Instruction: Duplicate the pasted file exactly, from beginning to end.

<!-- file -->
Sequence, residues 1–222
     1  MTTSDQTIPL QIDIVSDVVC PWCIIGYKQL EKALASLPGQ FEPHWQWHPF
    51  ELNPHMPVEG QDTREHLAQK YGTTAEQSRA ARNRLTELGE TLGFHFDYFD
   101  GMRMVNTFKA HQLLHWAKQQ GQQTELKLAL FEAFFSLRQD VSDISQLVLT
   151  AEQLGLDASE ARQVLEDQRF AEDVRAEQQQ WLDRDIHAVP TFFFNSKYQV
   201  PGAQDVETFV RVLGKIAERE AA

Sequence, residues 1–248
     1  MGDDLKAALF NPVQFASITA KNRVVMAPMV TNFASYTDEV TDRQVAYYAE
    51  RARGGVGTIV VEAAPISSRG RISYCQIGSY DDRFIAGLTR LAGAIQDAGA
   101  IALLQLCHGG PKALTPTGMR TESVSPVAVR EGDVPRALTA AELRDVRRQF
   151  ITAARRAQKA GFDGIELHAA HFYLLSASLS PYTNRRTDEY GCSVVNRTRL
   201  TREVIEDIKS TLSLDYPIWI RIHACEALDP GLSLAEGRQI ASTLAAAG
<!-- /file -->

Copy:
Sequence, residues 1–222
     1  MTTSDQTIPL QIDIVSDVVC PWCIIGYKQL EKALASLPGQ FEPHWQWHPF
    51  ELNPHMPVEG QDTREHLAQK YGTTAEQSRA ARNRLTELGE TLGFHFDYFD
   101  GMRMVNTFKA HQLLHWAKQQ GQQTELKLAL FEAFFSLRQD VSDISQLVLT
   151  AEQLGLDASE ARQVLEDQRF AEDVRAEQQQ WLDRDIHAVP TFFFNSKYQV
   201  PGAQDVETFV RVLGKIAERE AA

Sequence, residues 1–248
     1  MGDDLKAALF NPVQFASITA KNRVVMAPMV TNFASYTDEV TDRQVAYYAE
    51  RARGGVGTIV VEAAPISSRG RISYCQIGSY DDRFIAGLTR LAGAIQDAGA
   101  IALLQLCHGG PKALTPTGMR TESVSPVAVR EGDVPRALTA AELRDVRRQF
   151  ITAARRAQKA GFDGIELHAA HFYLLSASLS PYTNRRTDEY GCSVVNRTRL
   201  TREVIEDIKS TLSLDYPIWI RIHACEALDP GLSLAEGRQI ASTLAAAG